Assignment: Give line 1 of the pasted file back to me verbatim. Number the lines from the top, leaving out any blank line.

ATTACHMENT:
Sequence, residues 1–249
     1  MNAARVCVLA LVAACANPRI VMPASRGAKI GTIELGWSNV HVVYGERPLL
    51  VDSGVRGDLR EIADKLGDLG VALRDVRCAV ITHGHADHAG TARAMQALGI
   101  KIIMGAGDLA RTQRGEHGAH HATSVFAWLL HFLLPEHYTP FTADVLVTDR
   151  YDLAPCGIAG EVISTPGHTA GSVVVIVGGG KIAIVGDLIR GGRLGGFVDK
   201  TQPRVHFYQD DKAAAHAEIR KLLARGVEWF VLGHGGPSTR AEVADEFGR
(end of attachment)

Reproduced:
Sequence, residues 1–249